Managing Stress and other Triggers
Stress-induced muscle tension in the neck and shoulders can lead to debilitating tension headaches.
Strategies to prevent tension headaches focus on stress and anxiety reduction, in addition to regular exercise, techniques such as biofeedback training and relaxation therapy can help reduce stress.
Biofeedback training is a technique that teaches you to control certain body responses that help reduce pain.
During a biofeedback session, you’re connected to devices that monitor and give you feedback on body functions such as muscle tension, heart rate, and blood pressure. You then learn how to identify triggers then reduce muscle tension and slow your heart rate and breathing on your own.
Cognitive Behavioral Therapy
Cognitive behavioral therapy is a type of talk therapy that may help you learn to manage stress and may help reduce the frequency and severity of your headaches.
Other relaxation techniques, anything that helps you relax including deep breathing, yoga, meditation, and progressive muscle relaxation may help your headaches. You can learn relaxation techniques in classes or at home using books, videos, or apps.
Medical Treatment of Headache and Migraine
There is a great deal of information to take in when it comes to the medical management of headaches.
The most important thing to remember is that not all headaches are the same, and therefore not all headaches can be treated in the same way.
There are different types of headaches, each with its causes and treatments.
Tension headaches can be treated with pain medicine, such as paracetamol, aspirin, ibuprofen, or naproxen.
However, you should not take these pain medicines for more than a couple of days at a time, as taking them for longer can lead to a medication-overuse headache.
Opiate painkillers such as codeine should not be taken for tension headaches, as they can make you drowsy.
Another common type of headache is a Migraine.
Migraines are usually preceded by an “aura” which may include visual disturbances such as flashes of light or zigzag patterns. They are often accompanied by nausea and repeated vomiting and can last for up to three days.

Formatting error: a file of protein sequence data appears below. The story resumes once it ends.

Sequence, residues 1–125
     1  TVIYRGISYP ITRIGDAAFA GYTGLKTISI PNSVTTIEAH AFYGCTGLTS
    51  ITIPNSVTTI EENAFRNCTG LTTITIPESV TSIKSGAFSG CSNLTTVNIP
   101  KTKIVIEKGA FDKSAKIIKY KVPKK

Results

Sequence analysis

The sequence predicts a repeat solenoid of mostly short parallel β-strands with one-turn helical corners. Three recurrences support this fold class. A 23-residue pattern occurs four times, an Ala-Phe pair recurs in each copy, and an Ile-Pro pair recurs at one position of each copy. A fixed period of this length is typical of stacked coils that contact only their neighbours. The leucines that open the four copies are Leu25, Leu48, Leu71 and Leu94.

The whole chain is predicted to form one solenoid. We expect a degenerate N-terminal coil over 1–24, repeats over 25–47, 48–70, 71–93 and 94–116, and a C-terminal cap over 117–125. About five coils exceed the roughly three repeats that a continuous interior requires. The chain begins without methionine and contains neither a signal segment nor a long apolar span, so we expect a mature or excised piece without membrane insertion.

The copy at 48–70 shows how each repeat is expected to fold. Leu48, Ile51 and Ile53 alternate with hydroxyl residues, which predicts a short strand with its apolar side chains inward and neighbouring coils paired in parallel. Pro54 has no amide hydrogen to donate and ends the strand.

Migraines can be treated with pain medicine, such as paracetamol, aspirin, ibuprofen, or naproxen, but if these do not work then your doctor may prescribe a stronger medication such as sumatriptan.
Other Headache Types
There are also other types of headaches such as cluster headaches and sinus headaches.
A cluster headache is rare and occurs in clusters lasting from weeks to months at a time.
They are very severe and are accompanied by red eyes, a runny nose, and facial sweating.
A sinus headache is caused by inflammation of the sinuses and can be treated with antibiotics if they are caused by a bacterial infection.
The best way to treat a headache is to identify its cause and treat that accordingly.
If you have frequent headaches, it may help to keep a diary to identify any patterns or headache triggers.
Some people find that certain foods (such as caffeine or chocolate) can trigger a headache, while others find that stress or anger can be triggered.
A healthy diet and lifestyle are important in preventing headaches, so focus on eating a balanced diet and getting enough exercise.
Tension-type headaches are a widespread phenomenon, with studies indicating that somewhere between 30% and 78% of the general population suffers from them. Globally speaking, this translates to an extraordinary 1.4 billion people – that’s nearly one out of every five individuals!
Stress and anxiety-induced teeth grinding can be a major contributor to tension headaches, leaving you in immense discomfort.
But don’t worry – several treatments have been proven effective at providing relief from these agonizing symptoms, allowing you to get back the quality of life you deserve!
There are two types of tension headaches: episodic and chronic. Episodic tension headaches happen fewer than 15 days per month, while chronic tension headaches occur more than 15 days a month. If you suffer from frequent tension headaches, it is important to talk to your doctor to rule out any other underlying conditions. To learn more about how to prevent and manage tension headaches, read more here.